The International Monetary Fund (IMF) on Monday placed Lebanon on the threshold of fragile states in the Middle East, stressing that the country should reform its subsidy system to reach vulnerable citizens and make better use of its rapidly declining foreign currency reserves.
Lebanon, saddled with a heavy debt burden, is facing its worst economic crisis since the 1975-1990 civil war. With the unprecedented rise in prices, many Lebanese have fallen into poverty and become increasingly dependent on subsidies, but the state’s liquidity is shrinking at a swift pace.
“We encourage Lebanon to moving into a more targeted subsidy system that will allow them to reach those who are the most affected and also allow them to have a better utilization of their foreign currencies,” Jihad Azour, Director of the Middle East and Central Asia Department at the IMF told Reuters.
Earlier this month, Prime Minister-designate Hassan Diab said that Lebanon had spent USD 4 billion since the beginning of 2020 on subsidizing imports of food, medicine, flour, and wheat, and warned that completely removing the subsidies would lead to a social implosion.
The Banque du Liban (BDL) said it could finance trade indefinitely as reserves dwindle, but has not given a timeframe.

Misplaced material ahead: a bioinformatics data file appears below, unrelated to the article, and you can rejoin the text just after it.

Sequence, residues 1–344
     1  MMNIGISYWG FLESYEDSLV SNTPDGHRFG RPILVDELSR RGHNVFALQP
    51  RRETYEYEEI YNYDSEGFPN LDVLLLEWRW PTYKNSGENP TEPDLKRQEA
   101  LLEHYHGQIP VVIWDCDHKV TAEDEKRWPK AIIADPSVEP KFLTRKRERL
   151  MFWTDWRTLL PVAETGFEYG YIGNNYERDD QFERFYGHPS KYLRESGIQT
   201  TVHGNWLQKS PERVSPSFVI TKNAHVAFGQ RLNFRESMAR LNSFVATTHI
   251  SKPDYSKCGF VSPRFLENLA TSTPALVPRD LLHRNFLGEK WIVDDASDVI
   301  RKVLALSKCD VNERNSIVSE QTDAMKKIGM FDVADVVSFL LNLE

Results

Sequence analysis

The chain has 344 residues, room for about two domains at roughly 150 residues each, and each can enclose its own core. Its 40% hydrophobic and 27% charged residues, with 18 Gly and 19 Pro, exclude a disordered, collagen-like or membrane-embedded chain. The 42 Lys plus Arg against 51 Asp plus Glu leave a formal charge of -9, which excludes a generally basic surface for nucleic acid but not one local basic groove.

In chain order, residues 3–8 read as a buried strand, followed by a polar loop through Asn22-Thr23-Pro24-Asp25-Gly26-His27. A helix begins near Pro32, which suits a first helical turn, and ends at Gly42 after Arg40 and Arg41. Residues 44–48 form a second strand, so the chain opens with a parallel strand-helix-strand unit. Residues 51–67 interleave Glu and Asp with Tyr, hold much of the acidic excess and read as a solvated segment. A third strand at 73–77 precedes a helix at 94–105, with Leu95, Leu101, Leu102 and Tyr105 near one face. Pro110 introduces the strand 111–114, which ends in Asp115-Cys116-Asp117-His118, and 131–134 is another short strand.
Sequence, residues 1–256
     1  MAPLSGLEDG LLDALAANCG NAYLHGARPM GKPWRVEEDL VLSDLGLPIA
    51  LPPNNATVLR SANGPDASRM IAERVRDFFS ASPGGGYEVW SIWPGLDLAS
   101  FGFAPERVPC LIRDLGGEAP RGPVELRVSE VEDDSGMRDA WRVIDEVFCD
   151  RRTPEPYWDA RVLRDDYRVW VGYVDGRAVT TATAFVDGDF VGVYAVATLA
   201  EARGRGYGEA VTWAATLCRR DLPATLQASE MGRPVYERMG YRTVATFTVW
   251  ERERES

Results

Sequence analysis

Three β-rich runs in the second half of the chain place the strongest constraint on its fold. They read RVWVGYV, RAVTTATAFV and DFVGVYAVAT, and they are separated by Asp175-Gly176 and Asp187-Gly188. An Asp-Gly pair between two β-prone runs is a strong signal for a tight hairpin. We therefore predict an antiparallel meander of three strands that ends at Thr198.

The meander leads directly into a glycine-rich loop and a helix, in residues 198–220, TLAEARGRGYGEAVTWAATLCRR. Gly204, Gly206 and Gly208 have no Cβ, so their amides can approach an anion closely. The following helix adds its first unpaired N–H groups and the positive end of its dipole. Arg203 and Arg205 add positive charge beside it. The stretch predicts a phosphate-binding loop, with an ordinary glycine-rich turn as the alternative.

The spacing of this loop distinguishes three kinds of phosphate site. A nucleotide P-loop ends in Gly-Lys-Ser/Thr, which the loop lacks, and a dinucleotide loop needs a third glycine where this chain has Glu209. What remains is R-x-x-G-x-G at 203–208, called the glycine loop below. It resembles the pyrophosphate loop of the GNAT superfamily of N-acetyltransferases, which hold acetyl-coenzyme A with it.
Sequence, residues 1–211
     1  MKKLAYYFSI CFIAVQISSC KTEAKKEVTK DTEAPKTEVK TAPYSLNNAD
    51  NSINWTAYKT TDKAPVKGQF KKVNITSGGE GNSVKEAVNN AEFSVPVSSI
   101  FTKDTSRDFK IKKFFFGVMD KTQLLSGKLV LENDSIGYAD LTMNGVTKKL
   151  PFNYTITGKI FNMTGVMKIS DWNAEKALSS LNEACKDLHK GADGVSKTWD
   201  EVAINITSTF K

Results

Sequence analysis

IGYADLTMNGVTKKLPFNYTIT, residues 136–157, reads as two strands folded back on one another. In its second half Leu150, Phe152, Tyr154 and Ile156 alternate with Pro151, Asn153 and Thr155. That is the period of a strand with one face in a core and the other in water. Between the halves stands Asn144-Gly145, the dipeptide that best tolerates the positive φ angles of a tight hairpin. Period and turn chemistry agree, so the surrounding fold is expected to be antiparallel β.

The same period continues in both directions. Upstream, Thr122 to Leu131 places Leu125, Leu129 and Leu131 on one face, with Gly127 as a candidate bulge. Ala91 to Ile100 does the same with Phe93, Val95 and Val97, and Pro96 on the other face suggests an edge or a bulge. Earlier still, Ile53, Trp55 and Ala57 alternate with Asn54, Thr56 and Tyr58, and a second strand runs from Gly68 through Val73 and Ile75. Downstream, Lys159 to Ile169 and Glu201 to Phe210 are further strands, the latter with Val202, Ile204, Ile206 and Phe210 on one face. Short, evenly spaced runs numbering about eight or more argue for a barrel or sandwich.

An official source told Reuters on Oct. 9 that Lebanon has about $1.8 billion of its foreign reserves left for subsidizing key imports - wheat, fuel, medicine - and a list of basic foods, which could last about six months if support for some goods was cut.
Azour’s statements came after the failure of bickering Lebanese politicians to agree on a new government. Binding parliamentary consultations to choose a new prime minister were postponed from last week to Thursday.
The IMF is calling on the Lebanese leaders to come up with a reasonable comprehensive reform program. Last week, the Fund predicted Lebanon’s economy would contract 25 percent this year, up 13 percentage points from what it expected in April.
The report said that Lebanon was going through a difficult situation, as the size of the expected contraction is 25 percent during 2020. The country witnessed political turmoil in October 2019, which worsened with the failure to settle the sovereign debt in March, for the first time in Lebanon’s history.